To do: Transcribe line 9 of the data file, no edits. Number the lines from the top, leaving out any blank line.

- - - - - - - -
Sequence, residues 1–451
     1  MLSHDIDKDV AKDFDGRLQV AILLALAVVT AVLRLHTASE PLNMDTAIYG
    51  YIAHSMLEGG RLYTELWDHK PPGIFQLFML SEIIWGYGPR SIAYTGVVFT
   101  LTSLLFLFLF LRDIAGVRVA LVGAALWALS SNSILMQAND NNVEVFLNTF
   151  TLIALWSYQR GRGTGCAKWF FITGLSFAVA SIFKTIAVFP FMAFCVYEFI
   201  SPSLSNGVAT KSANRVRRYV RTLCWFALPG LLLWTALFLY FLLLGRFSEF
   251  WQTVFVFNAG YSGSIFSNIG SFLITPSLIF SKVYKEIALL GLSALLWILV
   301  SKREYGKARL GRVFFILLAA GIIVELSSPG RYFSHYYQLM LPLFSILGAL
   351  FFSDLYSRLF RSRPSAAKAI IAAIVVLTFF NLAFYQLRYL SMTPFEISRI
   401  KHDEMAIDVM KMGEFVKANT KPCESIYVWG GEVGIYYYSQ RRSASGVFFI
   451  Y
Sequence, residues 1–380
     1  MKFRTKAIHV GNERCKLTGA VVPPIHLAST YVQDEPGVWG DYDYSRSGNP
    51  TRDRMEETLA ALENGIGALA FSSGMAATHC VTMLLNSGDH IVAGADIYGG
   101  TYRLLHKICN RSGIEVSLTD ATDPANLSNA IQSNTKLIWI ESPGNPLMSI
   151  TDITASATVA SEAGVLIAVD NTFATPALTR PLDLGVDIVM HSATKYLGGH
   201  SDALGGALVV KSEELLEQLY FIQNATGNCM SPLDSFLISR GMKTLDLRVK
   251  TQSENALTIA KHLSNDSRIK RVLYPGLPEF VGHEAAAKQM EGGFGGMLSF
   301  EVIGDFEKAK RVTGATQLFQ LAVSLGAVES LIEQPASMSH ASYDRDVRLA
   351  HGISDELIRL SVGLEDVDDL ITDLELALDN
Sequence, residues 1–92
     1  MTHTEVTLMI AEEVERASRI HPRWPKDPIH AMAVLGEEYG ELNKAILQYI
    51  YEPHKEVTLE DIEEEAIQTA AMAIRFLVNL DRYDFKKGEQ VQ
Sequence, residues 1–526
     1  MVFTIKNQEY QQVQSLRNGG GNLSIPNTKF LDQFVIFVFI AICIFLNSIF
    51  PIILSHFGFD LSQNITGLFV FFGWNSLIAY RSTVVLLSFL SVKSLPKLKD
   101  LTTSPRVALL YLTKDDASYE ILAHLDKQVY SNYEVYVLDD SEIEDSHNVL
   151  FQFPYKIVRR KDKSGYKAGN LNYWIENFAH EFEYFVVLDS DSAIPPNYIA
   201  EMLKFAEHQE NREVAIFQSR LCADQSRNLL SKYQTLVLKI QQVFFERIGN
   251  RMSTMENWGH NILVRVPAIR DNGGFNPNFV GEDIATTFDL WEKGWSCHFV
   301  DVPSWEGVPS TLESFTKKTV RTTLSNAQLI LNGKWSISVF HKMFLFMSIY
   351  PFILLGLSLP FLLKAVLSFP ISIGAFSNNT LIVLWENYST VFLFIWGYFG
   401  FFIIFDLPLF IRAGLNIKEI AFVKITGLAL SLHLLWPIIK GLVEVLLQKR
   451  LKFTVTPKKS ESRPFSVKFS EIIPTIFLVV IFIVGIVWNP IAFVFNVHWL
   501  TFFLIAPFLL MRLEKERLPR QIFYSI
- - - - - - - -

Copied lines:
   351  FFSDLYSRLF RSRPSAAKAI IAAIVVLTFF NLAFYQLRYL SMTPFEISRI